Recognizing individual console strengths, LucasArts brings innovation to Star Wars: The Force Unleashed
In a galaxy long, long ago… third party developers would routinely create multi-platform games.
However, things have changed with the advent of the Wii, and while Sony and Microsoft continue to enjoy graphically-driven titles, the Wii, sadly, has been more or less left out of the picture.
While there are games for all three platforms, none of them really feel unique. Specifically in the case for the Wii, most of those games feel like a bad port.
But that is all about to change thanks to a new disturbance in the force.
LucasArts unveiled game footage of Star Wars: The Force Unleashed at this year’s Game Developer’s Conference (GDC), showing a multi-platform title that displayed not only a new direction for the franchise, but technological improvements for all three consoles.
The Force Unleashed takes place in between Star Wars: Episode III Revenge of the Sith and Star Wars: Episode IV A New Hope. While young Luke Skywalker is out killing womprats in Tatooine, Lord Darth Vader is feverishly working to rid the galaxy of all remaining jedi. As an end to his means, Vader introduces his “secret apprentice.”
As Vader’s secret apprentice, players will get the chance to revel in the dark side. And although the idea of potentially three siths at the same time violates Star Wars dogma, George Lucas â€” the man behind the cultural phenomenon â€” is creating the new story, which the game’s official site says, “promises to unveil new revelations about the Star Wars galaxy,” so purists should wait before they sit down to write their angry letters.
As far as the technology is concerned, developers for The Force Unleashed have created two new advancements to make life as a sith apprentice as immersive as possible. The first is DMM (Digital Molecular Matter), a physics engine that allows things in the environment â€” such as boards, glass and metal â€” to respond properly when something collides with it. The hard work and result by Pixelux Entertainment is allowing the player to throw a storm trooper through a board and see the board actually break and splinter where the storm trooper made contact. Instead of predetermined breaking patterns, DMM allows for players to feel immersion through the ability to actually impact the environment around them in an individualistic and unique way each and every time they interact with something.
The second advance is Euphoria, by NaturalMotion Ltd. Euphoria is a behavioral-simulation engine, which will grant life-like reactions to environmental stimulus for NPCs. In other words, when a storm trooper is pushed towards a cliff, they will respond by fighting to get their balance by swinging their arms, etc. Even further, if that storm trooper is dangling from the edge and another storm trooper is pushed off the cliff, the two NPCs will actually try to grab each other in order to save themselves. NPC involvement like this â€” in a game which allows players to fully-utilize abilities like the force push â€” should prove for quite an exciting gaming experience for players.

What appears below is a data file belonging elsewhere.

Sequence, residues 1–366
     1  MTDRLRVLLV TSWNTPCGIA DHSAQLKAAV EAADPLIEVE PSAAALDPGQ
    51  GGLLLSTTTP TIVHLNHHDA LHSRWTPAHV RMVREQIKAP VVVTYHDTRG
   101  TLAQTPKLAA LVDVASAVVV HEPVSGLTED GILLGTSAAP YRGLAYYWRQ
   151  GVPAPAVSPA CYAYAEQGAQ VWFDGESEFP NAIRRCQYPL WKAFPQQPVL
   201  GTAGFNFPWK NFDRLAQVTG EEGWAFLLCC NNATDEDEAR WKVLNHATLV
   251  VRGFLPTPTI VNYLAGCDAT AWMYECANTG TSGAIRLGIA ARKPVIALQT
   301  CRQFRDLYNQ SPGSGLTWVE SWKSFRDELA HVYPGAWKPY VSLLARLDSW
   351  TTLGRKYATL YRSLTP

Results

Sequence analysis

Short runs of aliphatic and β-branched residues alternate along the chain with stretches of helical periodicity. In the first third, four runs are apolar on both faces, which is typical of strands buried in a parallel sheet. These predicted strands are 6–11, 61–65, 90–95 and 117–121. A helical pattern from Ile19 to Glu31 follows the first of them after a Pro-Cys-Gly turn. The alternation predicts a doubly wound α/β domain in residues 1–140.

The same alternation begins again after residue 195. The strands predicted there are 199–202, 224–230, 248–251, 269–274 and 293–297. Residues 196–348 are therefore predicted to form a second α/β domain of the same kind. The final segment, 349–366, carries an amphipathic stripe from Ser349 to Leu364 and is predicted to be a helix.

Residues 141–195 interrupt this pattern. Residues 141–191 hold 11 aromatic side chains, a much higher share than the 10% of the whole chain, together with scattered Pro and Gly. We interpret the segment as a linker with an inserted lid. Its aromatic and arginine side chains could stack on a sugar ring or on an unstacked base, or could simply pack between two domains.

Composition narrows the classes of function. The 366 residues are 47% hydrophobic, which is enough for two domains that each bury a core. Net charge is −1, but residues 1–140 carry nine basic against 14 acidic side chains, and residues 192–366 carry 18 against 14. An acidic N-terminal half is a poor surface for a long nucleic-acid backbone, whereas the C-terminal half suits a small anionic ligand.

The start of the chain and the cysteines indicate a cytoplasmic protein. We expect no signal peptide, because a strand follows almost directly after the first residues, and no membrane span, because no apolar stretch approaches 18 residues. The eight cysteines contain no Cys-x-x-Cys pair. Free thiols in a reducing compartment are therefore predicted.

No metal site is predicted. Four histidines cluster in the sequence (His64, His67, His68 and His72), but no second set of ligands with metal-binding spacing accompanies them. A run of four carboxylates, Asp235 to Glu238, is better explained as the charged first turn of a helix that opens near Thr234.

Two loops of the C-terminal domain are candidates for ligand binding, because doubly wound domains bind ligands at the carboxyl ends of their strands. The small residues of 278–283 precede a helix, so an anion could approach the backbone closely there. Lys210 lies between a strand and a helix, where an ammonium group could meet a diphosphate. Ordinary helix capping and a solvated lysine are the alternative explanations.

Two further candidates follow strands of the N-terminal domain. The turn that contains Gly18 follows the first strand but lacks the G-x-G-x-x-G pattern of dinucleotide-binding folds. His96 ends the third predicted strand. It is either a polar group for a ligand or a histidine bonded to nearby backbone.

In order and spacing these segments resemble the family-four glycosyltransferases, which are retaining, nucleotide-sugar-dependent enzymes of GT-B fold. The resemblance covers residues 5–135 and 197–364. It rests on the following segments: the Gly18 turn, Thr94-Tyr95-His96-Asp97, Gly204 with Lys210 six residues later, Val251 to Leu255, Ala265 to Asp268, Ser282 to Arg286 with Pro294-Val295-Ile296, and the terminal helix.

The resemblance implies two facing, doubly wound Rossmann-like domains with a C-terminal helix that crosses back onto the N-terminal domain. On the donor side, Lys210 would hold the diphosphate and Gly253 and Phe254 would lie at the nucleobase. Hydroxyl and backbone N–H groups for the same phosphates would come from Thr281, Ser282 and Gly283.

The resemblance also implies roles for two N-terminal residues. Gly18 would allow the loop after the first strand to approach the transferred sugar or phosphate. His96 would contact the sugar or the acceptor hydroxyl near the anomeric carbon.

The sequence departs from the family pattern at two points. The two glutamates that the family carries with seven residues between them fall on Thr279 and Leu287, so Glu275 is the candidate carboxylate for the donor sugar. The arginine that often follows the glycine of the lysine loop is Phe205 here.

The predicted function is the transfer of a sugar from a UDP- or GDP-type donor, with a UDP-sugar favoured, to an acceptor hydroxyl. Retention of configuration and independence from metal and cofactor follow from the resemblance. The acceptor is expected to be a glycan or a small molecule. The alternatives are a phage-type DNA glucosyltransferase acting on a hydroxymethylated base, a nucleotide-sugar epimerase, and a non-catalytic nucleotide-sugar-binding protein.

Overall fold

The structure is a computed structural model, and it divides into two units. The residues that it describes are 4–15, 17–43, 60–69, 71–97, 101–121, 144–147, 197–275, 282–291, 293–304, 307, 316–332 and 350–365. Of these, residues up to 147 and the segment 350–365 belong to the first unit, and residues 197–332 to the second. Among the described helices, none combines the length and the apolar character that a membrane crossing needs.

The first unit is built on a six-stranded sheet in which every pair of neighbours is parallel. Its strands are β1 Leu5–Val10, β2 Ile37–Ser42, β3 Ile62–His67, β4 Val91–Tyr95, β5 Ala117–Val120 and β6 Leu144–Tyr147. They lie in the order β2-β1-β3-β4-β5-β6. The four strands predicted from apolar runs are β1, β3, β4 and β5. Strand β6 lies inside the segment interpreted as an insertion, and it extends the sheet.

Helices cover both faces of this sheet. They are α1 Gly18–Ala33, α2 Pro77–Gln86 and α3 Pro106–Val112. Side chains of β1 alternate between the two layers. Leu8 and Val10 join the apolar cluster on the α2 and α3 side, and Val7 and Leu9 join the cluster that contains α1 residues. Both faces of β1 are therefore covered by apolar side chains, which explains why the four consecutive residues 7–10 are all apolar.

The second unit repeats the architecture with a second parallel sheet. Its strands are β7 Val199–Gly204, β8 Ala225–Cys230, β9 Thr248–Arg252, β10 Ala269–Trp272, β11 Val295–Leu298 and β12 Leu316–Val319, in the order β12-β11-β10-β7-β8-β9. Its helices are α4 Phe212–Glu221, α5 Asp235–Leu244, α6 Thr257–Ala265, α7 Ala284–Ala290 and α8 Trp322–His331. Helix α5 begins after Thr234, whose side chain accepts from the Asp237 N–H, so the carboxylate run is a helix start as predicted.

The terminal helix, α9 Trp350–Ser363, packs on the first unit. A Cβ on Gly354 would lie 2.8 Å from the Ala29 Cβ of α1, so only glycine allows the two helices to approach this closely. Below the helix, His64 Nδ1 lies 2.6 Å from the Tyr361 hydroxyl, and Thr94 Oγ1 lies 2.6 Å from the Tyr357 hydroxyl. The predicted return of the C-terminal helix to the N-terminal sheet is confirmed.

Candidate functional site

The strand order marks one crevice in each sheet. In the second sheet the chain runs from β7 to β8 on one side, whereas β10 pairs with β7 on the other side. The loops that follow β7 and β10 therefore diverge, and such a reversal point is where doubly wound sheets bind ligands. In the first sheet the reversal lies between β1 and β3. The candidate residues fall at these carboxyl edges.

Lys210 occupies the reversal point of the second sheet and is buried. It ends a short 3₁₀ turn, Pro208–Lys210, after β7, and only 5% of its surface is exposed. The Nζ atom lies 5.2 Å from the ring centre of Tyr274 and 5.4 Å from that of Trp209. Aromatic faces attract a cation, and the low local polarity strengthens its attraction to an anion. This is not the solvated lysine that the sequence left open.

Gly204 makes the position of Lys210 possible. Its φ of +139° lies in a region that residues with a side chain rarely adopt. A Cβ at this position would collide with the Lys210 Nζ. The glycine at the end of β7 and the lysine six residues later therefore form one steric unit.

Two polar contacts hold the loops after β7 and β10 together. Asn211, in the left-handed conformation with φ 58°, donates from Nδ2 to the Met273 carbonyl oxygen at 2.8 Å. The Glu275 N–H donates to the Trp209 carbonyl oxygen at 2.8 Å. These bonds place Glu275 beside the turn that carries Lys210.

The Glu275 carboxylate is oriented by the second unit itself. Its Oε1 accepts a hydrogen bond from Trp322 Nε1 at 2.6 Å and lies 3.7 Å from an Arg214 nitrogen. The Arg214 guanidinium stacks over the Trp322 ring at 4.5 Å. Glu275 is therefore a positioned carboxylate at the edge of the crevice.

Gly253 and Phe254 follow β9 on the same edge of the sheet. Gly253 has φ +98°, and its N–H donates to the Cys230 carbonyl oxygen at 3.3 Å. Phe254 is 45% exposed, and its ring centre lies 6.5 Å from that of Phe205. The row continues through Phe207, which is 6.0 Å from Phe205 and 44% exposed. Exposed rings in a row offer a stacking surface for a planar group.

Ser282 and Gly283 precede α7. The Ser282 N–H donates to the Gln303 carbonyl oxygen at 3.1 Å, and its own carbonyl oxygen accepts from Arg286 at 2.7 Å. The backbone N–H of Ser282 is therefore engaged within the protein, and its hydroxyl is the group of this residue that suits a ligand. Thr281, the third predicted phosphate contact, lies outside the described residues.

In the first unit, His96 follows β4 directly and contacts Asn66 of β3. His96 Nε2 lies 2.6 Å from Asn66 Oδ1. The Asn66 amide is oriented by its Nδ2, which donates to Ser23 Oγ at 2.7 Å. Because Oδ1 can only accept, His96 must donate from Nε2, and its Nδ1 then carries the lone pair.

Even though the game is being designed for all three next-gen platforms, the most obvious difference between the Playstation 3 and Xbox 360 versions to the Wii version will be the graphics. As a result, some of the more graphically-demanding levels in the game may not see their way to the Wii console. Whether or not this will affect the amount of immersion that DMM and Euphoria will bring to the gaming experience is yet to be seen.
However, Wii owners will get something that should leave owners of the other two graphically-superior consoles drooling: multiplayer duels. Wii owners will have the chance to pick between 20 different characters to partake in one-on-one duels with other players. The combat will take place in nine different settings, which will all involve environmental hazards and power-ups.
While this should open the Wii experience to some hardcore multi-player action, it has been said that wielding the Wiimote will not exactly be freeform sword fighting. Instead, the developers at Chrome â€” the gang that’s designing the motion controls for the game â€” have stated that the game will only recognize cardinal directions, such as up, down, left, right and forward.
It’s more than any other sword fighting title has to offer for the Wii, and I for one can’t wait to thrust the nunchuck forward to perform a force push.
LucasArts is the first developer to show how a game can be created for all three next-gen consoles without the chance for the gaming experience to suffer quality based on which console a player owns. While the Wii version won’t offer top-notch graphics like the Playstation 3 and the Xbox 360, Wii owners will get the chance to experience fluid motion-sensitive controls and multiplayer duels.
LucasArts isn’t letting their vision for the game be diminished by developing on all three consoles. If anything, it is providing the level of quality that respective owners expect; ground-breaking graphics for PS3 and Xbox 360 owners and innovative and intuitive controls for Wii owners.
Star Wars: The Force Unleashed is due to arrive in a galaxy near you this summer.